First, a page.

> He or she would waste the money on any sizable project, or they're a
      > fricken super hero.
      > The needs of the company and the resources available will dictate
      > whether someone needs Omniture or not-- right now, the two tools play
      > in different spaces though they can drive one or another to be better.
      > It's not even an issue of low end or high end, it's one of need and
      > fit.
      > --- In webanalytics@yahoogroups.com, "Gerry" <dergal@> wrote:
      > >
      > > --- In webanalytics@yahoogroups.com, "londonturu" <londonturu@>
      > > wrote:
      > > >
      > >
      > > > http://tech.groups.yahoo.com/group/webanalytics/message/19938)
      > > >
      > > > -------Brian Clifton's answer------------
      > > > Loren - your points are inaccurate and do not reflect the reality
      > > >
      > > > >>3. Customization - You get what you get with Google, but many
      > > > >> sophisticated digital marketers have unique needs, not just slice
      > > > >>and dice requirements.
      > > >
      > > > The latest info on customisation is here:
      > > > http://analytics.blogspot.com/ Essentially
      > > > the new custom reporting was annouced at eMetrics in DC
      > >
      > >
      > > Not everyone has got that yet, I certainly haven't! Significantly,
      > > will it allow you to pivot everything on everything? I didn't think
      > > that it did ... ?
      > >
      > > > >>4. Open access to all data, for true data integration
      > > >
      > > > The latest info on the GA API is here:
      > > http://analytics.blogspot.com/
      > > > Essentially the new API feature was annouced at eMetrics in DC.
      > > > Google has a very open policy about data access. Hence other vendors
      > > > use Google's APIs to pull Adwords data on behalf of clients. Its a
      > > > pity that Yahoo and MS adCentre are not as open. After all it is the
      > > > end-clients data!
      > >
      > >
      > > Can you act on this data? I.e. target the site specificallly in the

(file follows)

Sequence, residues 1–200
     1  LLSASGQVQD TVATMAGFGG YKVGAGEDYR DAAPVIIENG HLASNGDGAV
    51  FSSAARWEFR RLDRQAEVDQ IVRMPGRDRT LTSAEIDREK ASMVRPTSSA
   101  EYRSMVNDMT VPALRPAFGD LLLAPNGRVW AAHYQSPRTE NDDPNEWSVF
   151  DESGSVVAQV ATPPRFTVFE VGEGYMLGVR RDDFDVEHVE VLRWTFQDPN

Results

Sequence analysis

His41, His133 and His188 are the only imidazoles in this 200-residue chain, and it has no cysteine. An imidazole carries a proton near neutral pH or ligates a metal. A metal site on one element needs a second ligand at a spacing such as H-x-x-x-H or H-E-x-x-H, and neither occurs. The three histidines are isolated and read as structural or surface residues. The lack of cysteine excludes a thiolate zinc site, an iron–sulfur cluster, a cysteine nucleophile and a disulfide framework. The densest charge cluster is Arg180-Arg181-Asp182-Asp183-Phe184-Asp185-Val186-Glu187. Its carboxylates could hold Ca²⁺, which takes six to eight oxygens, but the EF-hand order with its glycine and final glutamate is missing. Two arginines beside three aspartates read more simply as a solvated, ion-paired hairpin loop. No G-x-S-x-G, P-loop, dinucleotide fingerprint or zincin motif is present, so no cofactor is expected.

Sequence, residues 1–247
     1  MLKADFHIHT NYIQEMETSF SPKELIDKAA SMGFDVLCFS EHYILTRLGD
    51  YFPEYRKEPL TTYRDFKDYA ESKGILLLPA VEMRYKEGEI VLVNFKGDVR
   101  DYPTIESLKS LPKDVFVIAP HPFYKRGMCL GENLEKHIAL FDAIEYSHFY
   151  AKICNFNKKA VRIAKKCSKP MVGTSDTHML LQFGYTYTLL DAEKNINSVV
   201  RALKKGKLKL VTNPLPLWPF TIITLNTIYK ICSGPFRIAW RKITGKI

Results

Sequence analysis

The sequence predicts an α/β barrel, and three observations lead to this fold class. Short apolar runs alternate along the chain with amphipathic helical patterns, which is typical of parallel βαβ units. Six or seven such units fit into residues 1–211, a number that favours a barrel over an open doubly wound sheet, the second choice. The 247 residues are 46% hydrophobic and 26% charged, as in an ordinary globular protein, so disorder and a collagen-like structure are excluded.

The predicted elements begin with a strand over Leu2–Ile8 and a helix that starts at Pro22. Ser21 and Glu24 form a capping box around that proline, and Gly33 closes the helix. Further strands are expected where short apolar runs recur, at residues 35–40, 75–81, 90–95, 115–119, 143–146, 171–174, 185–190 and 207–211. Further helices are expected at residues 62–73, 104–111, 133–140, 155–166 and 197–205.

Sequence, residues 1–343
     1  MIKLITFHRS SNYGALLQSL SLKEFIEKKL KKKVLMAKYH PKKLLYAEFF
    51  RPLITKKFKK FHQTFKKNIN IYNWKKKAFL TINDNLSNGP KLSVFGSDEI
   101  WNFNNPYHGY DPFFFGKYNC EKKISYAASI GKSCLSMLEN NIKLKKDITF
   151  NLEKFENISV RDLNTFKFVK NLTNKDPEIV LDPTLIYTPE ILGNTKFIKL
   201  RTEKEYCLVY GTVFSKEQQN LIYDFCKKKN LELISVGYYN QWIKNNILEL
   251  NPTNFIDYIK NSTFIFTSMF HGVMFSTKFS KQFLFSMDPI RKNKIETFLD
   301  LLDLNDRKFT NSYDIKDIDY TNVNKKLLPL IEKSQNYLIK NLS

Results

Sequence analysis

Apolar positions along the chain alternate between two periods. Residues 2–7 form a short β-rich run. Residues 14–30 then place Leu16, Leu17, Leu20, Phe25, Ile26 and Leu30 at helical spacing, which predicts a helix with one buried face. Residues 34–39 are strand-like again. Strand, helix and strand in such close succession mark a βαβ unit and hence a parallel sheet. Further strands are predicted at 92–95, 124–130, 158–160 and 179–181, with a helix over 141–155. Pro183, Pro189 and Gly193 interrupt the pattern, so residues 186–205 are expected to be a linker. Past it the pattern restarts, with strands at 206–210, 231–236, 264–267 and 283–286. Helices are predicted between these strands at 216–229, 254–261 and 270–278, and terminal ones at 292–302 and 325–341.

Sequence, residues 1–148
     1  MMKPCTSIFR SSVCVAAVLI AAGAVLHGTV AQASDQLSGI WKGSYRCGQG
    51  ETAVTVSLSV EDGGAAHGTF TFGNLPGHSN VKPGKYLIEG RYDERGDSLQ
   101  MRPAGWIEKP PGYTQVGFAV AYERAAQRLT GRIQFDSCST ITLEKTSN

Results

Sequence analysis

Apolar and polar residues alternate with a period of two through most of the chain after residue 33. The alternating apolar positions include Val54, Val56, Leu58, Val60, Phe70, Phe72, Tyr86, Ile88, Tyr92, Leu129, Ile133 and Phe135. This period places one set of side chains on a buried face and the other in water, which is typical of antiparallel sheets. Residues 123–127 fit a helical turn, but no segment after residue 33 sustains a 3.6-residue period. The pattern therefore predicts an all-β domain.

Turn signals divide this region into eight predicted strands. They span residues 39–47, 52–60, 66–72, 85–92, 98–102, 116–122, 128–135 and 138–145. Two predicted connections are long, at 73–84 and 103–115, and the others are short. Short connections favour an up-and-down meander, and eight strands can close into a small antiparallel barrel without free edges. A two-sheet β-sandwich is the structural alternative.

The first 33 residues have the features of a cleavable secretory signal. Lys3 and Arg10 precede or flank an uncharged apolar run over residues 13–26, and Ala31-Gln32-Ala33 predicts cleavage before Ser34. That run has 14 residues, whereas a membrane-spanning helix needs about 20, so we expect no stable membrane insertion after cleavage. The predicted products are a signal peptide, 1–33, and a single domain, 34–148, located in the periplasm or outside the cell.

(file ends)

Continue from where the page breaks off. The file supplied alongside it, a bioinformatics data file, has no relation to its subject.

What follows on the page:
> > same way you can with Omniture etc.. using this data? obviously it
      > > may require some development, but can you use this data?
      > >
      > >
      > > > >> >6. Multi-domain or cross-domain tracking
      > > >
      > > > >> No problem with this - others have post the Help Centre articles
      > > > that show you how to do this
      > >
      > >
      > > Hey, not wanting to argue (truly) but this is a requirement we have a
      > > lot of the time - i.e. where the client owns three domains, traffic
      > > often ends up going between all three - without setting up special
      > > links (they can get to them independantly without following links)
      > > and without them being on the same domain (i.e. different subdomains)
      > > can you do this? As I say, this is the one feature that we have that
      > > we struggle to use GA for, everything else is manageable.
      > >
      > >
      > > >
      > > > >>7. First party cookie. Google gets blocked out of the box on IE8,
      > > > >> Chrome, Firefox and increasingly by users with spyware, etc who
      > > >>
      > > > avoid pop up ads, spyware,
      > >
      > > Disclaimer: I do work for an online agency who is partnered with
      > > Omniture, CoreMetrics and WebTrends - however I am a fan of Google
      > > Analytics, and often find that I resort to it even when other tools
      > > are installed... & I also have a copy of Dr Cliitons Book either on
      > > my desk or on a colleagues when he has stolen it off me...
      > >
      > > Gerry
      > >